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Antivirus scans: How to improve performance in virtual environments

Running antivirus scans on virtual hosts and virtual machines (VMs) is the right thing to do. But even before McAfee's latest blunder, IT administrators had begun to move away from running antivirus scans in virtual

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environments.

The issue isn't whether antivirus scans provide a valuable line of defense but that antivirus applications kill system performance. Luckily, you can optimise an antivirus application and reduce its load on a host resource pool; you can also identify certain essential characteristics for an antivirus application for hosts and VMs.

The problem with antivirus scans
Most antivirus vendors have not embraced the shared virtualised server model. Many applications treat VMs as standalone desktops and use most of the system resources to finish antivirus scans as fast as possible.

A VM that uses 50% of its processor to scan every file, for example, can use a lot of resources. If you have 10 VMs simultaneously running antivirus scans, you could see severe performance degradation across every VM -- or even stoppages because of host resource saturation. If left unadjusted, the host becomes crippled and workloads become inaccessible until VMs finish their scans or you manually intervene.

Virtualisation administrators face a tough decision: take a chance by not installing security software or run antivirus software and face regular disruptions.

Considerations for antivirus scans on virtual hosts
The process of choosing and deploying antivirus software for virtual host servers is fairly straightforward. Antivirus applications that minimise the use of host resources, for instance, best serve your environment. It seems basic, but the more resources used at the host level, the fewer resources are available for guests, which reduces overall consolidation cost potential.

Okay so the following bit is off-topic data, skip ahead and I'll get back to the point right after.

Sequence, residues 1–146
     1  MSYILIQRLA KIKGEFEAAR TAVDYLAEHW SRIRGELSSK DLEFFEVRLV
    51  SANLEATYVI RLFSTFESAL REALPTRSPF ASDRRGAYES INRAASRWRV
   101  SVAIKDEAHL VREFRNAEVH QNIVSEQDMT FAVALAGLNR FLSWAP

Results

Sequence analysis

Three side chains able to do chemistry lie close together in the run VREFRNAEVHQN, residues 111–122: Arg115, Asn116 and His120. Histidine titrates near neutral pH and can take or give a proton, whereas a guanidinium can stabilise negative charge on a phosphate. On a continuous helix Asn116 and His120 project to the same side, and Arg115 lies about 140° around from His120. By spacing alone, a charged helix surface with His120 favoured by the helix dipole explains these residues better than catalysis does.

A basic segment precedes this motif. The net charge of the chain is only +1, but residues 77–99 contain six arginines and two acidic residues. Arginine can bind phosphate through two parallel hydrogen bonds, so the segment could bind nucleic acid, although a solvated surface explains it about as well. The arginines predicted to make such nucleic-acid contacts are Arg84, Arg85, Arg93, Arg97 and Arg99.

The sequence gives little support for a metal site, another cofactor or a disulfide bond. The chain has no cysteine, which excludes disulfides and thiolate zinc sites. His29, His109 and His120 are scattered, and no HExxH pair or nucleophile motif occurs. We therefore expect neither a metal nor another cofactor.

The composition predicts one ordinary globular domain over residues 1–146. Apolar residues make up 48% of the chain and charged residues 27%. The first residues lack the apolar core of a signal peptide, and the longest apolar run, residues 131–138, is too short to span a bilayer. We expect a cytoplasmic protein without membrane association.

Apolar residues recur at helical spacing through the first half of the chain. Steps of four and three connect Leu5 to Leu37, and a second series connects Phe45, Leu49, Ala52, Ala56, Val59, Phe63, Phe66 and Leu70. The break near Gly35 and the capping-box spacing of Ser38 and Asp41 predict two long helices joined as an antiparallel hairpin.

Other than an application's resource footprint, consider the following scheduling and configuration features before deploying antivirus software.

  • Exclusions. For Microsoft Hyper-V servers, it is almost always a best practice to exclude directories, file extensions, processes and even complete volumes from antivirus scans. Cluster Shared Volumes (CSV) -- or more directly, the reparse point to the CSV volume C:\Clusterstorage -- should always be excluded, for instance. Antivirus applications accessing this location from multiple servers can cause file lock issues. Because CSV are used only for Hyper-V VMs at this time, excluding this entire location eliminates unexpected problems. Microsoft TechNet has recommendations for Hyper-V exclusions.
  • Timing. Scheduling scans is very important. A poorly timed, full antivirus scan can result in VM performance degradation. Determine when your production VM workloads are at their busiest, and plan your antivirus scans when the host is using fewer resources. Don't assume that the middle of the night is an off-peak time; it depends on the given workload.
  • Real-time scans. Some antivirus applications have separate exclusions for real-time scans. Be aware of this, and duplicate the exclusions if applicable.

Considerations for antivirus scans in VMs
The architecture of antivirus applications running on VMs is a major shortcoming on any hypervisor. An antivirus application simultaneously running scans on multiple VMs has the potential of bringing a host resource pool to its knees.

Before you deploy an antivirus product in VMs, weigh the following scheduling considerations.